ABU DHABI // The UAE will try to get Unesco world heritage status for the sport of falconry by the end of the summer, having received the backing of a dozen countries. The Emirates is leading the international effort to protect falconry as a part of world cultural heritage.
About 65 nations practise training birds of prey for hunting game. The formal submission will be made on Aug 31. Nick Fox, the director of International Wildlife Consultants based in Wales, is supporting the Emirates Falconers' Club to safeguard the 4,000-year-old tradition under the Unesco Convention on Intangible Cultural Heritage. He said the forthcoming International Festival of Falconry - to be held in Reading, England, in July - would be a springboard for demonstrating the sport to invited Unesco delegates.
"We're trying to preserve these old values and continue a love of the deserts in the younger generations so the cultural connection isn't broken," Mr Fox said. "We're into a new generation - a generation which is much more into the modern world but is losing its contact with its natural and cultural heritage. We're trying to retain a national identity in danger of being swamped by international technology."
Apart from the UAE, other nations to have signed the Unesco submission include Mongolia, Morocco, Turkey, Qatar and Saudi Arabia. "If a country signs up, it means that it will undertake to look after that aspect of heritage - whether through laws, grants or favourable treatment of practitioners," said Mr Fox, who also worked for 20 years as a falcon conservationist at the Environment Agency-Abu Dhabi.
"It's to keep that cultural strand alive ... because you end up saying what actually is the UAE about? And falconry is right at the centre as something the UAE does that many other nations don't." While the Unesco convention was written to protect tangible heritage "such as bricks and mortar, pyramids and Taj Mahals", he said the new proposal on intangible cultural heritage is meant for protecting endangered languages, rituals, traditional arts and craftsmanship and festivities.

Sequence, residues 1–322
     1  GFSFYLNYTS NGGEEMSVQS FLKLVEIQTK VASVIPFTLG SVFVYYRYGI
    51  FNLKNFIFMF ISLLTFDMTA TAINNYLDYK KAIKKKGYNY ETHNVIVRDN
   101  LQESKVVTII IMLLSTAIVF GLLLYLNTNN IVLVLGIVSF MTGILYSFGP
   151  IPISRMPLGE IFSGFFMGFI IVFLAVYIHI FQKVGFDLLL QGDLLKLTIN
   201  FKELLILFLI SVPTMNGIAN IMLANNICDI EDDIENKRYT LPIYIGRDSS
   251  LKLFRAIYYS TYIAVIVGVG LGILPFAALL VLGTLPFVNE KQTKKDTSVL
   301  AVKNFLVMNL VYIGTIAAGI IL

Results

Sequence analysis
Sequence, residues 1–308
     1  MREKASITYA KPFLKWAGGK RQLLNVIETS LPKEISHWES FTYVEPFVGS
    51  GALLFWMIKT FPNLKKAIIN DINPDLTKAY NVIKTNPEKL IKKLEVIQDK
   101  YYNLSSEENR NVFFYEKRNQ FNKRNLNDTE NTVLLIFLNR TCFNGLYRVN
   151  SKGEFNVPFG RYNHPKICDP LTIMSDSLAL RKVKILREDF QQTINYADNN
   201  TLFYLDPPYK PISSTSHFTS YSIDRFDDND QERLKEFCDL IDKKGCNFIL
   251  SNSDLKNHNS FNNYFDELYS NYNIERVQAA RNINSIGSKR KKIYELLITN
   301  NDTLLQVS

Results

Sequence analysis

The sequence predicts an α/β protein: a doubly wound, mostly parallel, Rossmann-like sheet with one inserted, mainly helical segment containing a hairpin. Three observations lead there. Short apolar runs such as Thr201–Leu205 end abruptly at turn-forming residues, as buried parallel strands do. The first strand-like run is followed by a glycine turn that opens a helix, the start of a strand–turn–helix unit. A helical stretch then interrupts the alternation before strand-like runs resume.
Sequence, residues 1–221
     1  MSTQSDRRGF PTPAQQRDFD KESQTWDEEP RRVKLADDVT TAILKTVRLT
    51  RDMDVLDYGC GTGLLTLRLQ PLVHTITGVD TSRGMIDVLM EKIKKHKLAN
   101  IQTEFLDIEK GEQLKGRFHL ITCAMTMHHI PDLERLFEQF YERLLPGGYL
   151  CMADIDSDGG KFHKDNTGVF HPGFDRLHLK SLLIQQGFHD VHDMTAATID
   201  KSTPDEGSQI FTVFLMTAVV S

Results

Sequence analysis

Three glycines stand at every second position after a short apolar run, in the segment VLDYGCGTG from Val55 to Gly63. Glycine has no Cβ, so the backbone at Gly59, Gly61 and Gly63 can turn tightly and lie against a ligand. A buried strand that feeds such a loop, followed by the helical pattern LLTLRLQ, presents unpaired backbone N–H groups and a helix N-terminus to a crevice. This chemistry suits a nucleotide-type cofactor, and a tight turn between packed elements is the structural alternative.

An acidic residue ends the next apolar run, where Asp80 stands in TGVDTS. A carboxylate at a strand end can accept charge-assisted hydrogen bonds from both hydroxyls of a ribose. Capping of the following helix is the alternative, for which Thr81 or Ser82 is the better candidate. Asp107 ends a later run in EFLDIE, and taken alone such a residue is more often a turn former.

"We're not trying to turn the clock back and turn us all back into Bedouins in the desert, but we are trying to preserve the values that the old culture had - of loyalty, perseverance, humility," Mr Fox said. "Because a falcon doesn't care who is handling it, and the sun's going to shine just as hard on you whoever you are and you're going to get just as thirsty." He expects between 10,000 and 20,000 visitors from 50 nations to attend the two-day Festival of Falconry. The event, which begins July 11, is organised by the UK Hawk Board and the Emirates Falconers' Club is a major sponsor.
Sheikh Sultan bin Tahnoun Al Nahyan, the chairman of the Abu Dhabi Tourism Authority, will be there and Mr Fox is waiting for confirmation from other high-level delegates from the UAE. About 500 schoolchildren from Abu Dhabi are also scheduled to visit the exhibits and learn about the differences between Arabian and European falconry styles. For instance, Mr Fox explained, a nation with an open desert means falcons can be trained for distance, whereas falcons that hunt in woodland areas are trained for quick attacks to catch pheasants within 50 metres.
The UAE will participate in a parade of nations, he added, and have a "camp" displaying traditional food as well as information on Arabian horses, camel breeding and traditional saluki hunting hounds. The International Fund for Houbara Conservation (IFHC), set up by the Abu Dhabi Government to protect the prized houbara bustard birds of prey through a captive breeding programme, will be another focus of the festival.
Mohammed Saleh al Baidani, the director general of the IFHC, told the state news agency WAM yesterday: "The UAE has had a long-standing commitment to conservation and we are proud to increase awareness of our global initiatives in breeding, research and habitat conservation at this year's festival with the falconers of the world." Illegal hunting and loss of habitat have drastically depleted the houbara bustard population in the region. Last year, however, the IFHC introduced 250 birds into the wild in the UAE from a batch of 980 bred the same year.